According to a recent report from RollCall.com, almost half of the 6 million new Medicaid coverage enrollments have not yet been processed. State agencies have been blaming the delay on technology issues between the federal website and state websites, combined with the high volume of enrollees. After realizing the difficulties associated with applying online, many states have begun to encourage people to enroll for Medicaid in person and through other methods.
Unfortunately for physicians, they could be held responsible for any services incurred before the patient is verified. There’s always a chance that unverified Medicaid patients could be ineligible for coverage, and therefore, the physician will have to treat the patient as uninsured.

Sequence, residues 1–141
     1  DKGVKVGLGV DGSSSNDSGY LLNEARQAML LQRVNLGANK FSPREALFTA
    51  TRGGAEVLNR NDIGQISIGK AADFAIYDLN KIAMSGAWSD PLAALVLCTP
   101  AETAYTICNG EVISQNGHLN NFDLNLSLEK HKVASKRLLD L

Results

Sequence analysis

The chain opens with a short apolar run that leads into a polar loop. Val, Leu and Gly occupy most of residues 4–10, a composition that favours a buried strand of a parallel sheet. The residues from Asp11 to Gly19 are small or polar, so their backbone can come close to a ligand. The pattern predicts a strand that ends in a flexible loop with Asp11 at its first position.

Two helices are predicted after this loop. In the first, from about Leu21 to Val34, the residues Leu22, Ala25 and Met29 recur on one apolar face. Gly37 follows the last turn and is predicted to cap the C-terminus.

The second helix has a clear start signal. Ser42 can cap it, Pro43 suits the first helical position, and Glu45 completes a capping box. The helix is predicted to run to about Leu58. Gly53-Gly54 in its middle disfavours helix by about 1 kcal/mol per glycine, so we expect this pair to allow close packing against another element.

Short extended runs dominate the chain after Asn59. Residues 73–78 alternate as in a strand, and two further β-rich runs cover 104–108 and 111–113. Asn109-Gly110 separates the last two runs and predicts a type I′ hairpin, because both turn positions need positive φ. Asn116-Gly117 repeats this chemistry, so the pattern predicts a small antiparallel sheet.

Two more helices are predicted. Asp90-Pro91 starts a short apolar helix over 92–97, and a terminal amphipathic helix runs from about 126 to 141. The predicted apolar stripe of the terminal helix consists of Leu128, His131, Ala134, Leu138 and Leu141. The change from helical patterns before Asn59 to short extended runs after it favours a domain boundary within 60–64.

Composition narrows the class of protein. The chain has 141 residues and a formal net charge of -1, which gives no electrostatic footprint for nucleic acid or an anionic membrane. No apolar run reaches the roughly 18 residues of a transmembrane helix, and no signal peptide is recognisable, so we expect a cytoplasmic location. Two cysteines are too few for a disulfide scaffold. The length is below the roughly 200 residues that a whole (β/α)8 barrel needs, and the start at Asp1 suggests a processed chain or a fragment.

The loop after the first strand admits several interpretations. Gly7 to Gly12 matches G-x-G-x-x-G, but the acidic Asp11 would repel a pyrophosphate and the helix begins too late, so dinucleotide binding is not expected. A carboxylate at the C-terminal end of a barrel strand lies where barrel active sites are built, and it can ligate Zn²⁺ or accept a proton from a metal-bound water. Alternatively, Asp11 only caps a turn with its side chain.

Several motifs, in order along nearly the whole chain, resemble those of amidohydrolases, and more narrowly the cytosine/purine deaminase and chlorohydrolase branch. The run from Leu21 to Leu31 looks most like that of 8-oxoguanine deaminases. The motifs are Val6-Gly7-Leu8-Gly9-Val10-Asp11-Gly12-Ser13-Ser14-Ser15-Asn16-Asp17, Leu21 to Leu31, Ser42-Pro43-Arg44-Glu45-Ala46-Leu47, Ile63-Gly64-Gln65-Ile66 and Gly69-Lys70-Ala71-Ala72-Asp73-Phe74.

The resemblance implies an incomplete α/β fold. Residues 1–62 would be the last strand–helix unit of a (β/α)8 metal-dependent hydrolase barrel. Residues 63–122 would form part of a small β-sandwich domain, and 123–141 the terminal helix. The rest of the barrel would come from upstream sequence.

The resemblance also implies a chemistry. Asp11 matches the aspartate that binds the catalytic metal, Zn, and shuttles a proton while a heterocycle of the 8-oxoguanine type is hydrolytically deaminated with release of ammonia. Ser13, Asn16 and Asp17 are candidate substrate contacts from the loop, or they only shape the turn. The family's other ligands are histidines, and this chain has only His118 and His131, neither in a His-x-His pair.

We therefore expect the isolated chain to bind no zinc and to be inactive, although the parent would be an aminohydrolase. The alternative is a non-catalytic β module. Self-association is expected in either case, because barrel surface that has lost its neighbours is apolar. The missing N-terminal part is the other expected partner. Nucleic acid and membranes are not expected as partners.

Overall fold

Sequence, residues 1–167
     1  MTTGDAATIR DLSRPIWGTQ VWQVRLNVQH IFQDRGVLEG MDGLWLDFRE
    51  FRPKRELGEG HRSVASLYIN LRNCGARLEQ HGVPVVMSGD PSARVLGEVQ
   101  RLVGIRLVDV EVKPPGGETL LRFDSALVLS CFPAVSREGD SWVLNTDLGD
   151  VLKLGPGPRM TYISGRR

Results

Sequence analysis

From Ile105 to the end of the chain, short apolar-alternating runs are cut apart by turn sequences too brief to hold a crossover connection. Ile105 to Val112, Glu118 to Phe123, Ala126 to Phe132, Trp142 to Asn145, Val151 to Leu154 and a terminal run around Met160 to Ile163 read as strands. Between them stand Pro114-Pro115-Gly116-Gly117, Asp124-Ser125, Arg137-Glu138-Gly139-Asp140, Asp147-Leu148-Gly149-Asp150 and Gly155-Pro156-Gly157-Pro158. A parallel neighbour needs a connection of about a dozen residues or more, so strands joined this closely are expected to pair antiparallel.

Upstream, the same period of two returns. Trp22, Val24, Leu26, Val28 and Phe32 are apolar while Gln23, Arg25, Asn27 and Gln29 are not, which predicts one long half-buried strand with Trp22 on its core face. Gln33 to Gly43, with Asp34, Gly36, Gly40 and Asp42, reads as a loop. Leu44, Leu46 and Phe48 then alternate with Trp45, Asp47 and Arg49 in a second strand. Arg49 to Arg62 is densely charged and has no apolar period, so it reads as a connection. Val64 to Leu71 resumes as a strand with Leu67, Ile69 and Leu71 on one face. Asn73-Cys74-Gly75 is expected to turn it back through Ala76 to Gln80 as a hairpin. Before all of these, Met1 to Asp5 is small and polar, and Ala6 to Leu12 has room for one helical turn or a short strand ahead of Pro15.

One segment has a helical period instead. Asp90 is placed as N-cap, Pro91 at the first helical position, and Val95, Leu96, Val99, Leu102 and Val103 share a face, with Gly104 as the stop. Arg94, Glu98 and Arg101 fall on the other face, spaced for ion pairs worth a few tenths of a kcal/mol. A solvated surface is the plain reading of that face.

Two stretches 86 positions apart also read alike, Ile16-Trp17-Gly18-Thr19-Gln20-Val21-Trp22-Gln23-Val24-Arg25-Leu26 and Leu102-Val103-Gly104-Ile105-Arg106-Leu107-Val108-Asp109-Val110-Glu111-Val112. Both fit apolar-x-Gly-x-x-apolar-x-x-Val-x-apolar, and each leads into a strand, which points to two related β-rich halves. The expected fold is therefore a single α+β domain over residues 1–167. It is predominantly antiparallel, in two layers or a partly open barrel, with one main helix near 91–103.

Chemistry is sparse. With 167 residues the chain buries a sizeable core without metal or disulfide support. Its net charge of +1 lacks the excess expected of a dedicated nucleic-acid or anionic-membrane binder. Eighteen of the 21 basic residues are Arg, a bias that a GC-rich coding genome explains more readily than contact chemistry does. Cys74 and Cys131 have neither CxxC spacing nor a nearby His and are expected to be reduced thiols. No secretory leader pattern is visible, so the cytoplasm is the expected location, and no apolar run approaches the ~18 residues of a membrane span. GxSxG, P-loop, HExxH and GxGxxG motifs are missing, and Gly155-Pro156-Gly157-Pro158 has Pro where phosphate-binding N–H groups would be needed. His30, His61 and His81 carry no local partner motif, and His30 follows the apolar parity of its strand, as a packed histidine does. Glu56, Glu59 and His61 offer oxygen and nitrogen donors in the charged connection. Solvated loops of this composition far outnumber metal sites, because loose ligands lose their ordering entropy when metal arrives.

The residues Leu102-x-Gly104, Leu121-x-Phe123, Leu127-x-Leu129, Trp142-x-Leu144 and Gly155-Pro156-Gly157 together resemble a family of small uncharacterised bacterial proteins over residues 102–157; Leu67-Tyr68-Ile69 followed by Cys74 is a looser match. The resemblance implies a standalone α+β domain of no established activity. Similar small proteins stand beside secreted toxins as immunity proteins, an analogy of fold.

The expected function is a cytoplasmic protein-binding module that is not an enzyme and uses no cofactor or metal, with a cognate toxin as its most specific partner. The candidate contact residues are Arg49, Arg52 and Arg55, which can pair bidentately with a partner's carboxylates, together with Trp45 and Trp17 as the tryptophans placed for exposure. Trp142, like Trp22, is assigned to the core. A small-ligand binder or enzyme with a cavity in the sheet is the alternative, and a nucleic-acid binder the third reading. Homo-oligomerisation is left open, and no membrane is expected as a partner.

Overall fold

Primary care physicians already have other complaints about Medicaid. One such complaint is that the program pays up to two-thirds less than Medicare. As a solution, the Affordable Care Act (ACA) has included funding for increased Medicaid payments for certain primary care services to match Medicare payments until the end of 2014. The AAFP states that the increase in reimbursement should be extended. Although the payment adjustment began in 2013, there are many states that haven’t yet increased their payments to medical practices.
Most practices cannot risk turning away potential Medicaid patients. However, they still have financial obligations. 65 million people currently receive health insurance through Medicaid, as reported by federal data. According to a study from the Journal of the American Medical Association (JAMA), only 58% of Medicaid patients were able to make an appointment with a primary care physician during the time period included in the study, compared with 85% of patients who had private insurance and 79% of patients who paid with cash.
Author: Lauren Daniels